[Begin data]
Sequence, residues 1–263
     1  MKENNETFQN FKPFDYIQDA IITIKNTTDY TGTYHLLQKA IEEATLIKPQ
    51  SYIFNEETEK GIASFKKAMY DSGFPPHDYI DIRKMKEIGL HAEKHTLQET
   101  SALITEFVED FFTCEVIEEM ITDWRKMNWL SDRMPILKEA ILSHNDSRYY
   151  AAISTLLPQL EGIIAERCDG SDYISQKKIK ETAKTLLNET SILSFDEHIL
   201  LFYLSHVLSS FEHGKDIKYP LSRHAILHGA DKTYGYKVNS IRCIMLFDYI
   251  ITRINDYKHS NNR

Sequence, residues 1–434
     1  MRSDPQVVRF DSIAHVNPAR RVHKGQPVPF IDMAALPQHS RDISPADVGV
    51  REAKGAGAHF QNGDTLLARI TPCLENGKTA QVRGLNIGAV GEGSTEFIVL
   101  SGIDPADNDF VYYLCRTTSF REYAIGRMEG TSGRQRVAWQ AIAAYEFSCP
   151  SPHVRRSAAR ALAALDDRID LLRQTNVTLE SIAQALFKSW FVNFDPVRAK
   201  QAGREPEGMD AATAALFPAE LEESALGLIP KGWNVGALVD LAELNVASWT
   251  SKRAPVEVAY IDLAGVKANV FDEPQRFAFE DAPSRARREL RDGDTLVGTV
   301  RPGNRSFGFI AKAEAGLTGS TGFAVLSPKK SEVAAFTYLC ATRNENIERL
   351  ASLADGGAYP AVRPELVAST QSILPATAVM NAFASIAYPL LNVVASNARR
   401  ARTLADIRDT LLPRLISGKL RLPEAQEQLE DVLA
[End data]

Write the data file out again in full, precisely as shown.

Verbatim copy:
Sequence, residues 1–263
     1  MKENNETFQN FKPFDYIQDA IITIKNTTDY TGTYHLLQKA IEEATLIKPQ
    51  SYIFNEETEK GIASFKKAMY DSGFPPHDYI DIRKMKEIGL HAEKHTLQET
   101  SALITEFVED FFTCEVIEEM ITDWRKMNWL SDRMPILKEA ILSHNDSRYY
   151  AAISTLLPQL EGIIAERCDG SDYISQKKIK ETAKTLLNET SILSFDEHIL
   201  LFYLSHVLSS FEHGKDIKYP LSRHAILHGA DKTYGYKVNS IRCIMLFDYI
   251  ITRINDYKHS NNR

Sequence, residues 1–434
     1  MRSDPQVVRF DSIAHVNPAR RVHKGQPVPF IDMAALPQHS RDISPADVGV
    51  REAKGAGAHF QNGDTLLARI TPCLENGKTA QVRGLNIGAV GEGSTEFIVL
   101  SGIDPADNDF VYYLCRTTSF REYAIGRMEG TSGRQRVAWQ AIAAYEFSCP
   151  SPHVRRSAAR ALAALDDRID LLRQTNVTLE SIAQALFKSW FVNFDPVRAK
   201  QAGREPEGMD AATAALFPAE LEESALGLIP KGWNVGALVD LAELNVASWT
   251  SKRAPVEVAY IDLAGVKANV FDEPQRFAFE DAPSRARREL RDGDTLVGTV
   301  RPGNRSFGFI AKAEAGLTGS TGFAVLSPKK SEVAAFTYLC ATRNENIERL
   351  ASLADGGAYP AVRPELVAST QSILPATAVM NAFASIAYPL LNVVASNARR
   401  ARTLADIRDT LLPRLISGKL RLPEAQEQLE DVLA